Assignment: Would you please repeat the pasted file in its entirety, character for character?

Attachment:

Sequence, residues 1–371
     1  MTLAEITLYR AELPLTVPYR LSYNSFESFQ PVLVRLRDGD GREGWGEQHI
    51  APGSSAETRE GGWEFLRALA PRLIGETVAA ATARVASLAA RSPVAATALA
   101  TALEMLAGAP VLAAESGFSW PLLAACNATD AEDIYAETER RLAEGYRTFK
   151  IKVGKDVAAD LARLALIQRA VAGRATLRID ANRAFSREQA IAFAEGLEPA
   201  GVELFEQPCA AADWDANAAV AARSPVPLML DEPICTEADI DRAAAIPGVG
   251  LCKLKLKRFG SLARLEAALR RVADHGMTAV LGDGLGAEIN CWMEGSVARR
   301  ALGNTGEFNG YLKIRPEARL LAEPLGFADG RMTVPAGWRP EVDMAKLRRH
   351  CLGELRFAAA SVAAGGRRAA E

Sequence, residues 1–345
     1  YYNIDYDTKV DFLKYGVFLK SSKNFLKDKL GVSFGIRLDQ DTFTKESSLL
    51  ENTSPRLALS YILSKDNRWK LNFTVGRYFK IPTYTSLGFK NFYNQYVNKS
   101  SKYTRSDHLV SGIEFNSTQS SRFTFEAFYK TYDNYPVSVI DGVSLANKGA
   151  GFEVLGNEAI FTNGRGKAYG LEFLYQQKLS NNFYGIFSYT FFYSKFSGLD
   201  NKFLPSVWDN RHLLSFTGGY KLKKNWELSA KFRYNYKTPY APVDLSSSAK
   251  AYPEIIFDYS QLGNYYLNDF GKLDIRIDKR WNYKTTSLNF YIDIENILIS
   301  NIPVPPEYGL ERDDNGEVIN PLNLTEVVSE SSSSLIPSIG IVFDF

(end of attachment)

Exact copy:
Sequence, residues 1–371
     1  MTLAEITLYR AELPLTVPYR LSYNSFESFQ PVLVRLRDGD GREGWGEQHI
    51  APGSSAETRE GGWEFLRALA PRLIGETVAA ATARVASLAA RSPVAATALA
   101  TALEMLAGAP VLAAESGFSW PLLAACNATD AEDIYAETER RLAEGYRTFK
   151  IKVGKDVAAD LARLALIQRA VAGRATLRID ANRAFSREQA IAFAEGLEPA
   201  GVELFEQPCA AADWDANAAV AARSPVPLML DEPICTEADI DRAAAIPGVG
   251  LCKLKLKRFG SLARLEAALR RVADHGMTAV LGDGLGAEIN CWMEGSVARR
   301  ALGNTGEFNG YLKIRPEARL LAEPLGFADG RMTVPAGWRP EVDMAKLRRH
   351  CLGELRFAAA SVAAGGRRAA E

Sequence, residues 1–345
     1  YYNIDYDTKV DFLKYGVFLK SSKNFLKDKL GVSFGIRLDQ DTFTKESSLL
    51  ENTSPRLALS YILSKDNRWK LNFTVGRYFK IPTYTSLGFK NFYNQYVNKS
   101  SKYTRSDHLV SGIEFNSTQS SRFTFEAFYK TYDNYPVSVI DGVSLANKGA
   151  GFEVLGNEAI FTNGRGKAYG LEFLYQQKLS NNFYGIFSYT FFYSKFSGLD
   201  NKFLPSVWDN RHLLSFTGGY KLKKNWELSA KFRYNYKTPY APVDLSSSAK
   251  AYPEIIFDYS QLGNYYLNDF GKLDIRIDKR WNYKTTSLNF YIDIENILIS
   301  NIPVPPEYGL ERDDNGEVIN PLNLTEVVSE SSSSLIPSIG IVFDF